Iberian ribbed newts push their ribs through their skin to use as weapons.
This unusual species of newt uses its own ribs as a tool to ward off predators. (Photo: Peter Halasz/Wikimedia Commons)
While some species squirt blood at predators, others use their own bones as weapons. The Iberian ribbed newt has an amazing, if disturbing, way of dealing with predators. When threatened, the newt can push its ribs forward and through its stretched skin to create defensive spikes. But not just any spikes — these are poisonous. "When teased or attacked by a predator, [the newt] secretes a poisonous milky substance on to the body surface. The combination of the poisonous secretion and the ribs as 'stinging' tools is highly effective," Egon Heiss, zoologist at University of Vienna in Austria, told BBC News.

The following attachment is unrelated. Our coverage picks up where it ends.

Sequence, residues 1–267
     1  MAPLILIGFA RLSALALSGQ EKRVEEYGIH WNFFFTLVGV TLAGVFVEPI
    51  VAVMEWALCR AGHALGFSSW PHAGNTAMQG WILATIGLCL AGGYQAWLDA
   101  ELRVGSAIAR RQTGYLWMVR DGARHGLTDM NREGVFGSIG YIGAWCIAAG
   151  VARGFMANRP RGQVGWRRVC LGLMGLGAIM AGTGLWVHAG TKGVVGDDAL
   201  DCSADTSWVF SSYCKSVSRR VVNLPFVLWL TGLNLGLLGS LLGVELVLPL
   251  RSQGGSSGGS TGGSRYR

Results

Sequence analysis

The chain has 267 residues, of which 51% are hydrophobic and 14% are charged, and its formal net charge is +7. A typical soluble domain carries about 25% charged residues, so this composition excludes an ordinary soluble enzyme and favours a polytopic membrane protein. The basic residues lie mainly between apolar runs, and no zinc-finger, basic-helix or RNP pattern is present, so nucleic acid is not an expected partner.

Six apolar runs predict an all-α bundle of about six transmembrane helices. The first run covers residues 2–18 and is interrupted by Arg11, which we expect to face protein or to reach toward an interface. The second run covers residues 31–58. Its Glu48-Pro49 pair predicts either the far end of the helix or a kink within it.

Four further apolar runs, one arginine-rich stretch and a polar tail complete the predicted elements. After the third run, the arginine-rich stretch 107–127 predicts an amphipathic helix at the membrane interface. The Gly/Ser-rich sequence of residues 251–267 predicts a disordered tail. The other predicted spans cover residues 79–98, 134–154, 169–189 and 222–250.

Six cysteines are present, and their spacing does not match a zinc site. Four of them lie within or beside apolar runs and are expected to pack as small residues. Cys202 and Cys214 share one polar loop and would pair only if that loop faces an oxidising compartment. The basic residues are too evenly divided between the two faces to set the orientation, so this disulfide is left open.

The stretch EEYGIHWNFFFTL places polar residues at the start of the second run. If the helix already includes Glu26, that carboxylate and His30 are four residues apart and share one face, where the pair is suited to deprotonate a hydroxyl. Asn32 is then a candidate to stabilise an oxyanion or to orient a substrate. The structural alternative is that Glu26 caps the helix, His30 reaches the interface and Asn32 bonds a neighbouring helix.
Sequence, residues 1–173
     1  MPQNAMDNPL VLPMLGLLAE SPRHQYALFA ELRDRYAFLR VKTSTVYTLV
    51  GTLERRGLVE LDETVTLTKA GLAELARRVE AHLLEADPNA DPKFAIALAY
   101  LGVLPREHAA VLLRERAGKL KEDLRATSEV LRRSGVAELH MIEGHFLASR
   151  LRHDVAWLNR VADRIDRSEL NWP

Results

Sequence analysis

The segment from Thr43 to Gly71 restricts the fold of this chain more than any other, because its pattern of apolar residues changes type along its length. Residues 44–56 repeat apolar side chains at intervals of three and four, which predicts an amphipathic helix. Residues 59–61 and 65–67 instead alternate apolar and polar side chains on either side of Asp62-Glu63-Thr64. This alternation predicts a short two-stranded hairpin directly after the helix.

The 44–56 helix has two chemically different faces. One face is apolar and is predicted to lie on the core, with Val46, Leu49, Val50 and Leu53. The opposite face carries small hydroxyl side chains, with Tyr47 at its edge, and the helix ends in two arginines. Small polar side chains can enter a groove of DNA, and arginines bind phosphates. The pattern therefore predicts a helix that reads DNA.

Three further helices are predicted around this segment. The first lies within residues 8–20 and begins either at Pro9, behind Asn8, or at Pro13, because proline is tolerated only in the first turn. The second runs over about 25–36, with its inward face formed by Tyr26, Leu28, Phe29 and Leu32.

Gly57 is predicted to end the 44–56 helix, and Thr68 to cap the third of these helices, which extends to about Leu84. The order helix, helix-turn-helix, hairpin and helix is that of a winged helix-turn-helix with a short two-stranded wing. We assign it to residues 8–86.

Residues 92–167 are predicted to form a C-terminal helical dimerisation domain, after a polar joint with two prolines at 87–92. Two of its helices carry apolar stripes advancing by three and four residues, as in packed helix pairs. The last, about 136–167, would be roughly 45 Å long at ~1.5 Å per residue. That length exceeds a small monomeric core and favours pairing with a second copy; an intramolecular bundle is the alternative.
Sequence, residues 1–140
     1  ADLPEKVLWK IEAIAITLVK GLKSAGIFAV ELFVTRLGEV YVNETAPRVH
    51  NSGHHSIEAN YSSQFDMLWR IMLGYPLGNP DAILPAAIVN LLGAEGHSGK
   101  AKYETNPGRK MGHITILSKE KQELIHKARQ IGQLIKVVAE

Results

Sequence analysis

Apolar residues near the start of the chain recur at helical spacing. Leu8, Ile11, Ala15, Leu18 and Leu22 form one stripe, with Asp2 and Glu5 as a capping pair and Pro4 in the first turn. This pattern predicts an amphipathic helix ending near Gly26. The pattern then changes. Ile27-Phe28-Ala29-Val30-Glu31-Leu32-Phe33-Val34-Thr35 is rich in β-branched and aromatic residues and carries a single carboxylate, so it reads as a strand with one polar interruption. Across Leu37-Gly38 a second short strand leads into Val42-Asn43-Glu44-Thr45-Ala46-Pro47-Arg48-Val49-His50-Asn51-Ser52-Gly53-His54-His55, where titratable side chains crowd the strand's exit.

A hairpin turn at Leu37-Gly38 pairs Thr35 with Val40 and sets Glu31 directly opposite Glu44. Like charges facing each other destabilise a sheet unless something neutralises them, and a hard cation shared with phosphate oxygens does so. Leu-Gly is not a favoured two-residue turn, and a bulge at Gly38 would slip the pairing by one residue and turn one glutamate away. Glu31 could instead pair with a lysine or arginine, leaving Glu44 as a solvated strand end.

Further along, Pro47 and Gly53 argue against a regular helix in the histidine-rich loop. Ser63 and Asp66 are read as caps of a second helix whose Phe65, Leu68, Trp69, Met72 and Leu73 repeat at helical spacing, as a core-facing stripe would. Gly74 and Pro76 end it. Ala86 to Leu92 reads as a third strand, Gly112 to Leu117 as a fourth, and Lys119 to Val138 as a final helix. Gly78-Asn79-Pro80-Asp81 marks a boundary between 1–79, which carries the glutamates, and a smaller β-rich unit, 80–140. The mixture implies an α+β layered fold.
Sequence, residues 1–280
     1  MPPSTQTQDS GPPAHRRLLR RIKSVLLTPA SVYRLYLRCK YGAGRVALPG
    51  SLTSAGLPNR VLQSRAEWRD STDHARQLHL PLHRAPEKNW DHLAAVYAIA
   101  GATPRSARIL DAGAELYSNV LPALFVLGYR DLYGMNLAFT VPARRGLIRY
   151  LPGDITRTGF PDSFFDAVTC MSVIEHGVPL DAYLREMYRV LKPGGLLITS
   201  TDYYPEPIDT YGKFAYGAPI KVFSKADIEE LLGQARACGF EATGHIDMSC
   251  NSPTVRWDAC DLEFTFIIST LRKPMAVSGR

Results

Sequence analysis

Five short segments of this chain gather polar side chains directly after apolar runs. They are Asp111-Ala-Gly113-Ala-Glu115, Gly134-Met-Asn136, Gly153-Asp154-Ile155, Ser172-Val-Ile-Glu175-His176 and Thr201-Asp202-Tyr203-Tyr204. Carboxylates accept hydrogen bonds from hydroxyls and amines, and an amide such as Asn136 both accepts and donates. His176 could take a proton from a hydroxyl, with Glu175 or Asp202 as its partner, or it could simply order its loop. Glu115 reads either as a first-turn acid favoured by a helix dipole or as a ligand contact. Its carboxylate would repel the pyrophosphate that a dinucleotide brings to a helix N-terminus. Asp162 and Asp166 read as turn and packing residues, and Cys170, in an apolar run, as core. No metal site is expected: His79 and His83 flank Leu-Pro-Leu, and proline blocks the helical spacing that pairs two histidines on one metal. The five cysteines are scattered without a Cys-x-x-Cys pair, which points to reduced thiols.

While the attacker gets a mouth full of poisonous spines that cause severe pain or possibly even death, the newt itself experiences no significant negative affects from the gruesome strategy. It can perform this skin-piercing maneuver over and over again during its life and heal itself each time without problem.
Hairy frogs break their own finger bones to use as claws.
This frog species will break its own bones to create claws for self-defense. (Photo: Gustavocarra/Wikimedia Commons)
There's a good reason why this frog is often called the "horror frog" and the "wolverine frog." When threatened, the hairy frog's main defense is to crack its own finger bones, pierce them through the skin of their toe pads, and use them as claws — not unlike Wolverine of "X-Men" fame, and definitely falling into the horrific category.